With escalating conflicts around the world, particularly in Syria, many Catholics are wondering what guidance the Church gives in evaluating these situations.
Here’s what every Catholic needs to know about the Church’s teachings on war and peace:
1) “A war of aggression is intrinsically immoral.”
Any war for the purpose of expansion, domination, or any other reason other than defense is immoral, regardless of how it is fought. (CSDC 500)
2) The moral law remains in force during war
Sometimes people will say that “anything goes” in war, that you can do anything to win. But that is not true. The same moral law that exists during times of peace exists during times of war.
For example, the normal prohibition against the voluntary and direct killing of innocent people is just as true during a time of war as it is during a time of peace. (CCC 2312)
3) There are strict conditions for justifiably engaging in war
“The strict conditions for legitimate defense by military force require rigorous consideration. The gravity of such a decision makes it subject to rigorous conditions of moral legitimacy. At one and the same time:
– the damage inflicted by the aggressor on the nation or community of nations must be lasting, grave, and certain;
– all other means of putting an end to it must have been shown to be impractical or ineffective;
– there must be serious prospects of success;
– the use of arms must not produce evils and disorders graver than the evil to be eliminated. The power of modem means of destruction weighs very heavily in evaluating this condition.” (CCC 2309)
4) “Non-combatants, wounded soldiers, and prisoners must be respected and treated humanely.”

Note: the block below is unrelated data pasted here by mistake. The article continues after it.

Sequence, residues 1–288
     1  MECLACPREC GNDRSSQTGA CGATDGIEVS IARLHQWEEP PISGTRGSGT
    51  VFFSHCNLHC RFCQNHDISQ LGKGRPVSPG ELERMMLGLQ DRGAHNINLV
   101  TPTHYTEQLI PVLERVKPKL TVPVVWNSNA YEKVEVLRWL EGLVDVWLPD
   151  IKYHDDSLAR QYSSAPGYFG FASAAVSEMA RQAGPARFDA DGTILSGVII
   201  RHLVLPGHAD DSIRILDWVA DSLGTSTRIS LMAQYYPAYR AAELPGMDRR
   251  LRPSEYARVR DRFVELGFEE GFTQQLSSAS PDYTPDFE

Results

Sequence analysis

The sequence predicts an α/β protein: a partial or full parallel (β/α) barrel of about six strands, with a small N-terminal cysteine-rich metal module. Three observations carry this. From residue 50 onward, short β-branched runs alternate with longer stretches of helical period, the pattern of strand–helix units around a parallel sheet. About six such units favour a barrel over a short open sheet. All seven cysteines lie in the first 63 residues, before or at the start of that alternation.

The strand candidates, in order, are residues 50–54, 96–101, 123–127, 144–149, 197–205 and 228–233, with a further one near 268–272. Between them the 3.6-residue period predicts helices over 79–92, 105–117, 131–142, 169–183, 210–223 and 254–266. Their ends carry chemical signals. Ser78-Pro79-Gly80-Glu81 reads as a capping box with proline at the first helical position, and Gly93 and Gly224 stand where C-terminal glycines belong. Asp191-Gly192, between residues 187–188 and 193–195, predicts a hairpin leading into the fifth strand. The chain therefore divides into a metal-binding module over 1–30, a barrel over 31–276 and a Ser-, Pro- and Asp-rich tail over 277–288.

This is related to number two. Just because you are engaging in war, it doesn’t mean anything goes. Non-combatants must be protected. Wounded soldiers, prisoners, and other soldiers who pose little or no threat should also be treated humanely. (CCC 2313)
5) The application of these principles is a prudential judgement
The principles themselves are not open for dispute. But the determination of whether a particular situation meets these requirements for a just war is a matter of prudential judgement. (CCC 2309) Thus, faithful Catholics may sometimes legitimately disagree on whether a particular act of war is just or not.
6) Some people may be called to radical non-violence
“Those who renounce violence and bloodshed and, in order to safeguard human rights, make use of those means of defense available to the weakest, bear witness to evangelical charity, provided they do so without harming the rights and obligations of other men and societies. They bear legitimate witness to the gravity of the physical and moral risks of recourse to violence, with all its destruction and death.” (CCC 2306)